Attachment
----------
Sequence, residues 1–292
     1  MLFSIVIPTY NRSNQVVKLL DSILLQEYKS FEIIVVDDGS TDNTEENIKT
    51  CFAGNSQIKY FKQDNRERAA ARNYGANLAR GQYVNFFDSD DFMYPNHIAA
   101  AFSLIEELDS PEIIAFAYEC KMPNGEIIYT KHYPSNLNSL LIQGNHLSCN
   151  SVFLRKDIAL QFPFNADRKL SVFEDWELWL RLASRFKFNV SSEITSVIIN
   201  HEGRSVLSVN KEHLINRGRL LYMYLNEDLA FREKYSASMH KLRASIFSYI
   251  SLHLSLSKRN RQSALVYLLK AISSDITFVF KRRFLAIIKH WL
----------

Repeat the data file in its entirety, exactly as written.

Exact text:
Sequence, residues 1–292
     1  MLFSIVIPTY NRSNQVVKLL DSILLQEYKS FEIIVVDDGS TDNTEENIKT
    51  CFAGNSQIKY FKQDNRERAA ARNYGANLAR GQYVNFFDSD DFMYPNHIAA
   101  AFSLIEELDS PEIIAFAYEC KMPNGEIIYT KHYPSNLNSL LIQGNHLSCN
   151  SVFLRKDIAL QFPFNADRKL SVFEDWELWL RLASRFKFNV SSEITSVIIN
   201  HEGRSVLSVN KEHLINRGRL LYMYLNEDLA FREKYSASMH KLRASIFSYI
   251  SLHLSLSKRN RQSALVYLLK AISSDITFVF KRRFLAIIKH WL